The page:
Thursday, September 19, 2002
Arts center names new president
By The Associated Press
LOUISVILLE The chief executive of one of the most prominent dance companies in the country will take over as president of the Kentucky Center for the Arts.
Arthur Jacobus, CEO of the San Francisco Ballet, was selected Wednesday by the center and foundation board of directors. Mr. Jacobus, 62, was the only finalist for the arts center presidency.
It's a tremendous opportunity for the Kentucky Center to have someone of Arthur's caliber in the arts, said C. Edward Glasscock, the arts center's board chairman. He is widely known and respected, both nationally and internationally, and will be a tremendous leader, one with the vision to take the Kentucky Center to the next level of excellence.
The Kentucky Arts Center presidency had been vacant since Michael C. Hardy resigned in April to become CEO of a $260 million arts complex in Miami. Don Parkinson, a retired executive, has served as interim president since June.
Mr. Jacobus has led the San Francisco Ballet since 1993, increasing its endowment from $3 million to $45 million over a nine-year period. The ballet has an annual operating budget of about $29 million and supports a schedule of more than 100 performances.
Kentucky's center has a yearly budget of about $8 million. The job posed the opportunity to be involved in a broader scope of the arts, including the Louisville Orchestra, Kentucky Opera, Louisville Ballet, Broadway Series and Stage One, Mr. Jacobus said.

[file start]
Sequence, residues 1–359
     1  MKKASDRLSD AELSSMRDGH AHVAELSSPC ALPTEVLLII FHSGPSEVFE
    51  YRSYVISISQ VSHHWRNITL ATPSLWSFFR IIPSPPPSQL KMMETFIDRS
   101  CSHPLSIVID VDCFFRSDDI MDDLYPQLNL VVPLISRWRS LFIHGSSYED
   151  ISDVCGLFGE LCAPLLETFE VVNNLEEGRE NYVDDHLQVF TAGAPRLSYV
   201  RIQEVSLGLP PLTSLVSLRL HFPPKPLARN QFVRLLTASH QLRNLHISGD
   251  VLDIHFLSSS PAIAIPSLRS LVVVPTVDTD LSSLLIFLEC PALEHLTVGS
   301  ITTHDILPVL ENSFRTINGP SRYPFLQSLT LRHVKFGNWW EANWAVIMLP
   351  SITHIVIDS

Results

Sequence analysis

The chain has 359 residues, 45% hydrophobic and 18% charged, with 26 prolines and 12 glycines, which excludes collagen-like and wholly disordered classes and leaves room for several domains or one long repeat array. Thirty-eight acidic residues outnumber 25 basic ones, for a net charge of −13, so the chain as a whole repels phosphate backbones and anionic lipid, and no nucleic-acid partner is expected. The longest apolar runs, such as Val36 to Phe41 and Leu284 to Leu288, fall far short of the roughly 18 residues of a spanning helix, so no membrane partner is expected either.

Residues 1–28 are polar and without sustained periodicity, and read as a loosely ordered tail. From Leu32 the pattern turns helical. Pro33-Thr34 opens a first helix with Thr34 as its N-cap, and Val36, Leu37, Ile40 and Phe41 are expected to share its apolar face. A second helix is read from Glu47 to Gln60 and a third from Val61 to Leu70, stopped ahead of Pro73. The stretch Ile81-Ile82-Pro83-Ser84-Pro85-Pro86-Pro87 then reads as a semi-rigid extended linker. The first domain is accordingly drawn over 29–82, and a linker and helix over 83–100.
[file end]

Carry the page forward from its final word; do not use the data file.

After 23 years as a chief executive of large performing arts companies, I am eager for this opportunity to guide the Kentucky Center, applying my talents to a wide range of the performing arts, he said. Looking back at the newly completed renovation, and ahead to a thrilling twentieth anniversary, this promises to be an exciting time at the Kentucky Center, and I am thrilled to be a part of it.
Mr. Jacobus served as president and CEO of Seattle's Pacific Northwest Ballet for nine years and president and general manager of the Oakland Symphony for five years. For two decades, he was a bandmaster for the Navy, leading bands in San Francisco, Naples, Italy and Ville Franche, France.
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